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leg veins

The term phlebology refers to the study of disorders that affect the veins (Greek: Phlebos = vein, blood vessel). Based on a survey of the World Health Organization (WHO), venous disorders rank among the most common diseases worldwide. Venous leg disorders are some of the earliest documented illnesses suffered by mankind. They can vary greatly in severity, and only very few people are completely symptom-free.

Venous disorders may manifest themselves as mild symptoms, such as a feeling of heaviness in the legs. Other affected persons may suffer from pronounced venous dysfunction with severe impairments. Often problems arise, when they could perhaps have been avoided, due to lack of knowledge about the functioning of the body. Venous disorders should always be taken seriously and any early signs, such as spider veins, diagnosed and treated as soon as possible.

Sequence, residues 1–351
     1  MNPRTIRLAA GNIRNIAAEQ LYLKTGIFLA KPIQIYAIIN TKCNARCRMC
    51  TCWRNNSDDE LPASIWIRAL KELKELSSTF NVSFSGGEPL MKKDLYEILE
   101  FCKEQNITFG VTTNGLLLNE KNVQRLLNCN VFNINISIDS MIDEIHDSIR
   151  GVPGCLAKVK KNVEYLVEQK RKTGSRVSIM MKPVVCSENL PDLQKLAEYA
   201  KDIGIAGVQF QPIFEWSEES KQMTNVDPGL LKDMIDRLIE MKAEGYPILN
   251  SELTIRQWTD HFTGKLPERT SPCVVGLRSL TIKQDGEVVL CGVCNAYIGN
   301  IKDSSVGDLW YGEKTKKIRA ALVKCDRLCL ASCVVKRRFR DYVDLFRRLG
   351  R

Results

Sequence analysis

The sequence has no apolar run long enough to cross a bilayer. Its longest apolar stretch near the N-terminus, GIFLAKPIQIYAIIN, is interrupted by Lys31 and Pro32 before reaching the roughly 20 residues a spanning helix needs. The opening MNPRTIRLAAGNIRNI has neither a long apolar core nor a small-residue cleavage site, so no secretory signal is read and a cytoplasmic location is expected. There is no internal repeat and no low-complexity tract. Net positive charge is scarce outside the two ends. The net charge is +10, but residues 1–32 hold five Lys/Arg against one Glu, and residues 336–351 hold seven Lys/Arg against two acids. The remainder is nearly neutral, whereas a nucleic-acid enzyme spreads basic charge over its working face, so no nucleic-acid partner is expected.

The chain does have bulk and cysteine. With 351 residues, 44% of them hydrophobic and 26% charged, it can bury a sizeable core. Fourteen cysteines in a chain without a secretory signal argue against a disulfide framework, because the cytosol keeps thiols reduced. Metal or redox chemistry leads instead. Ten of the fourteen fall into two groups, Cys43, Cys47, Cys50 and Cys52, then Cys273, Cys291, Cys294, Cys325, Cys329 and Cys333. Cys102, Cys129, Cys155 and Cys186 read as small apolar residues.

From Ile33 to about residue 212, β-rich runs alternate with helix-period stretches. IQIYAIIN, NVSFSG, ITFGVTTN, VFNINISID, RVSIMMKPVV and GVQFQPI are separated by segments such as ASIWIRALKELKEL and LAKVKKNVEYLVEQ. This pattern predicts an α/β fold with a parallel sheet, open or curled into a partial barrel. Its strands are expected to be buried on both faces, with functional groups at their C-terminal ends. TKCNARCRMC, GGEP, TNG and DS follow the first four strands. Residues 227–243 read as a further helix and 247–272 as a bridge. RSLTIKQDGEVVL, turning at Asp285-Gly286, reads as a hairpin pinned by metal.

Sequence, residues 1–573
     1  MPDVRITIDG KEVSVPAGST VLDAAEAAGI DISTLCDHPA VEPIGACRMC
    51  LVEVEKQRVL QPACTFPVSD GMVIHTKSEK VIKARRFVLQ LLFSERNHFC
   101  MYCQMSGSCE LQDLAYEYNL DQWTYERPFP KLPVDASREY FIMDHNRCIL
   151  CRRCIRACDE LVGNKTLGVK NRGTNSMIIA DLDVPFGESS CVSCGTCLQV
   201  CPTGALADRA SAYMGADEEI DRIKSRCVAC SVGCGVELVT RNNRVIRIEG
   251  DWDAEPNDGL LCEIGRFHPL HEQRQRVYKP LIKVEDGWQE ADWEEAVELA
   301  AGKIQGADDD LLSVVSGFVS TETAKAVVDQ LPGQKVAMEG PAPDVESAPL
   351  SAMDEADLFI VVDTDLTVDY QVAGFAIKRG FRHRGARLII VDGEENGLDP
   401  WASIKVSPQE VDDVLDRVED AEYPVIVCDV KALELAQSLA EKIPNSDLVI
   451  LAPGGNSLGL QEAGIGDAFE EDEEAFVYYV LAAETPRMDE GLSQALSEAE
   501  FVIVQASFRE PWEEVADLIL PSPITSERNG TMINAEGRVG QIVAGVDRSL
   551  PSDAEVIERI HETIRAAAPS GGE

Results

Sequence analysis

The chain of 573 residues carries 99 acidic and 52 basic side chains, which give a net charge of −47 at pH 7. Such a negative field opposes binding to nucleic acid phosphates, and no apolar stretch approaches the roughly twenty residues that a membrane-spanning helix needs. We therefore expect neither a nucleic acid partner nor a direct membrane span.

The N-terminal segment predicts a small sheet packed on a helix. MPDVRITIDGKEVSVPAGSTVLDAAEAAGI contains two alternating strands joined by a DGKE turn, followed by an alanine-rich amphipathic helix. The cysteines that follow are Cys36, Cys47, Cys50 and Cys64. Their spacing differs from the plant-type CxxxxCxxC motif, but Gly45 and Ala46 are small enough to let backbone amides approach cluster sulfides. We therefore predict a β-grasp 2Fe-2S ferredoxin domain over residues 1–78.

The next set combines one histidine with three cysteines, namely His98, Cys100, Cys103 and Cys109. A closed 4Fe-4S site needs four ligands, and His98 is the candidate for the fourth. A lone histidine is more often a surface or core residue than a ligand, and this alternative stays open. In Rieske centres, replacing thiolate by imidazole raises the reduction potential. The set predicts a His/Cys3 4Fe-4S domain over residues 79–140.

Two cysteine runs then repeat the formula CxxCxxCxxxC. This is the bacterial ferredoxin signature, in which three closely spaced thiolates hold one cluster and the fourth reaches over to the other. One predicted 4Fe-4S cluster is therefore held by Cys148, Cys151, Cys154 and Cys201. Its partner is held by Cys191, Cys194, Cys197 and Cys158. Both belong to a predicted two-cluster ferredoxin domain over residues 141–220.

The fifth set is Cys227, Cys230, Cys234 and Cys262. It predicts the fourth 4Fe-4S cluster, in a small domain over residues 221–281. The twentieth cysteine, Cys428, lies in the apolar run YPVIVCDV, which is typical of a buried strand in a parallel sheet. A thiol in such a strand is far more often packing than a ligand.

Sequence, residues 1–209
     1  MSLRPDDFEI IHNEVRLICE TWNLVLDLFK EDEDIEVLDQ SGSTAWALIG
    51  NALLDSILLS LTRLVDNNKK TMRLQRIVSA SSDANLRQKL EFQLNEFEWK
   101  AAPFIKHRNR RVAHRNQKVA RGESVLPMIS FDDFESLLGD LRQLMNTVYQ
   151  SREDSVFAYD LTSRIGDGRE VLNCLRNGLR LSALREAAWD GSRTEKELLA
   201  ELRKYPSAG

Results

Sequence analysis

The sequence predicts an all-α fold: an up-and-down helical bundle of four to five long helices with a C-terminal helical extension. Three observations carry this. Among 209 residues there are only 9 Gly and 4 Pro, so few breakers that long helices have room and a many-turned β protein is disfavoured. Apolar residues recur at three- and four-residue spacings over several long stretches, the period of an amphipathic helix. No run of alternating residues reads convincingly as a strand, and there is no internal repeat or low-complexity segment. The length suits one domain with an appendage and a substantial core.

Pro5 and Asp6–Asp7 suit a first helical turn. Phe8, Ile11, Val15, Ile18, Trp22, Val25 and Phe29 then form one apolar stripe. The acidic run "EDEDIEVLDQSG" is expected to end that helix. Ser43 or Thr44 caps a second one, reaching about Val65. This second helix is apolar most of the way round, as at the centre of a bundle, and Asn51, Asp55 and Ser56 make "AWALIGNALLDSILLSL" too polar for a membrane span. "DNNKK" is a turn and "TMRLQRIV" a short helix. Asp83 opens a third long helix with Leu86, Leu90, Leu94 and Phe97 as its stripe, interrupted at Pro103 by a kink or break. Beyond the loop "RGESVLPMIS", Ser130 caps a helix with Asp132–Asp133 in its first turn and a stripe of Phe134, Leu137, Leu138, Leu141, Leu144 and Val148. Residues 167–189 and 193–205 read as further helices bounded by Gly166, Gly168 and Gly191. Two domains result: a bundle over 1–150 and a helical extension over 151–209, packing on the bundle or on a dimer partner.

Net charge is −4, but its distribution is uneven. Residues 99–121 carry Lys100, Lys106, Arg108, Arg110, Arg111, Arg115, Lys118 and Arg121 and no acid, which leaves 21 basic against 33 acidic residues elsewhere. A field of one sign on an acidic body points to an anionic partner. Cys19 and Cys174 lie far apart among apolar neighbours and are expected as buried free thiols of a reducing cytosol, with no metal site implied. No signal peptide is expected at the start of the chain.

Good to know
  • 5 litres of blood are pumped through our bodies every minute
  • 65 % of the total quantity of blood in the body is located in the veins
  • Of the 4.500 litres of blood transported daily out of the legs and back to the heart, 90 % is transported by the deep major veins, and 10 % by the superficial veins
  • The most important superficial veins are the great saphenous vein and the small saphenous vein

Leg veins

The blood circulatory system (cardiovascular system) of our body is very complex and we are all aware that the heart plays a fundamental role in it. That the leg veins, in particular, have an extremely demanding task to perform day in, day out, is not known to many people. The veins in the legs must return the blood from the lowest point in the body back to the heart, against gravity and without any breaks – 24 hours a day, throughout our entire life.

The “muscle-vein pump” of the leg muscles, also referred to as the “calf muscle pump”, performs the most important function in returning the blood to the heart. Every time we move our legs (e.g. while walking), we tense the muscles in the lower leg which then function like a natural pump, push the blood out of the legs and back up to the heart.

Even the smallest changes to a vein, for example when it becomes dilated, can have a negative impact on the functioning of the venous valves so that they will no longer be able to close properly. This can cause the venous blood in the veins to accumulateand only flow slowly. This blood stagnation is initially perceived as “heavy” or “swollen” legs. If these symptoms are left untreated, however, they can lead to further more serious illnesses.

Source: Juzo